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In order to achieve very fast response times, the RavenDB server instance indexes your data in the background whenever it is added or changed. All indices in RavenDB are Lucene-based, and we take advantage of this to provide a very fast, feature-rich and flexible querying system. RavenDB allows querying using the Lucene syntax; whether they are sent from the Client API via the Linq Provider or through the HTTP RESTful API, they are being translated into a Lucene query and executed against the appropriate index.
For most operations this is done transparently, and all you need to be familiar with is Linq and some RavenDB-specific operations. However, there are many other handy features that only become available once you understand the way RavenDB operates on its indexes.
In this chapter we explore the various querying options available in RavenDB, from the immediately visible and most frequently used ones, to more advanced topics like Includes, Attachments, Live Projections and more.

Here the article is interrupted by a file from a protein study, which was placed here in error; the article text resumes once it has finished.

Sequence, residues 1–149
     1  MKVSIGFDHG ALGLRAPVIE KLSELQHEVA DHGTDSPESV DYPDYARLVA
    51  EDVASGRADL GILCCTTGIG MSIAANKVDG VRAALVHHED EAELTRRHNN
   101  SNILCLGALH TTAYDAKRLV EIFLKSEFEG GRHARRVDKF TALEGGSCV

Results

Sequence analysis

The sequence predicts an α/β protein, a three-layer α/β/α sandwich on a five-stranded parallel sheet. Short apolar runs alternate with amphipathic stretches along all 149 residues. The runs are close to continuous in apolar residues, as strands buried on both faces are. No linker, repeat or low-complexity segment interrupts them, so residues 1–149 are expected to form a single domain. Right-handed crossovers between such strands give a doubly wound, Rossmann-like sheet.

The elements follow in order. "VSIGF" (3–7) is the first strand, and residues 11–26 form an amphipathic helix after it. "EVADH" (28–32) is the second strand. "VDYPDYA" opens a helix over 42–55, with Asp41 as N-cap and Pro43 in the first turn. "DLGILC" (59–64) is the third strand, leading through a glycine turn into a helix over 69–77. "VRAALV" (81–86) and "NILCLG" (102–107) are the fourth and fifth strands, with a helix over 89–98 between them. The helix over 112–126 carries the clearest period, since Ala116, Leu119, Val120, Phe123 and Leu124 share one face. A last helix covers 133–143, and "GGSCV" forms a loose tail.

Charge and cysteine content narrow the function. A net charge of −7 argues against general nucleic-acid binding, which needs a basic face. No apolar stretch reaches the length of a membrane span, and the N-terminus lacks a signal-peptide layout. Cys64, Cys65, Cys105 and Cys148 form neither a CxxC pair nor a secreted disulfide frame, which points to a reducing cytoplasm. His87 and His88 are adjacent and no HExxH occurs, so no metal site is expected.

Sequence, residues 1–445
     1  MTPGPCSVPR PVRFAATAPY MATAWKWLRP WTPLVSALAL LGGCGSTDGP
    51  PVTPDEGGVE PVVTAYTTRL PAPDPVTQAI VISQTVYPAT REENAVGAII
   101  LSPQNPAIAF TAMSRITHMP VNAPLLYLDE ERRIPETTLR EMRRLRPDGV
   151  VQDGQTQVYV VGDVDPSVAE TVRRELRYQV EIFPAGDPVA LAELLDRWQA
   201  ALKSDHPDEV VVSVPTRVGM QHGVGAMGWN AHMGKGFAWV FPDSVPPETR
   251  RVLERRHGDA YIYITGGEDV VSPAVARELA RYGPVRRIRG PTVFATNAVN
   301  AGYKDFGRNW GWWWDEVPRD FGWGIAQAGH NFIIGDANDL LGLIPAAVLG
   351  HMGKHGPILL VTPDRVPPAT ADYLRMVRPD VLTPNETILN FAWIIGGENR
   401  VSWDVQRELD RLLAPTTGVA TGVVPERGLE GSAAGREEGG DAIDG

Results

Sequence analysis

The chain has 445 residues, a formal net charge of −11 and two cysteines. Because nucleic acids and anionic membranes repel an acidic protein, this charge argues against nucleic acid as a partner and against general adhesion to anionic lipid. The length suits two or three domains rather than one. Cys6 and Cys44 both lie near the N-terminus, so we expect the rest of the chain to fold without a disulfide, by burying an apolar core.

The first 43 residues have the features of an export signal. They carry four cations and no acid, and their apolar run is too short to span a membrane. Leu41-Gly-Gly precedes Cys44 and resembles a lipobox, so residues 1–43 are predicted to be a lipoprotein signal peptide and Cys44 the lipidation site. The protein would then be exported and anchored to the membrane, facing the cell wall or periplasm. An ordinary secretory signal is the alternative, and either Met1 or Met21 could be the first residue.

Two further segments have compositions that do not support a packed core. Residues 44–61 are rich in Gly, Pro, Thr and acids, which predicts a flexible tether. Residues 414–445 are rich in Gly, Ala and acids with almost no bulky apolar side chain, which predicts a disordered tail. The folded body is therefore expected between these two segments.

Before we start, it is important to understand that all queries sent to a RavenDB server use an index to return results. While you can define your own indexes manually (we will see how later), RavenDB does this for you automatically if you haven't done so.
Therefore, there are 2 types of indexes in RavenDB:
Static indexes are named indexes which are created explicitly by the user.
Dynamic indexes are created by RavenDB automatically following some user query, if no matching index to query was found. RavenDB will find an appropriate index to query, and create it on the fly if one does not already exist. RavenDB will optimize itself based on the actual requests coming in, and can decide to promote a temporary index to a permanent one.
Also worth mentioning at this stage is the notion of stale indexes. Because RavenDB follows the "better stale than offline" approach, querying an index may return stale results - for example when a user queries a database that while a mass-update in progress. RavenDB will let the user know if results are stale, and can also be told to wait until non-stale results are available.
We will start by understanding the full range of querying options supported by RavenDB, and showing how they can be used intuitively by the RavenDB Linq provider. Then we will step in and learn about the Map/Reduce indexes that RavenDB uses and how to create them by hand, and after that we will explore more, less-obvious options supported by RavenDB.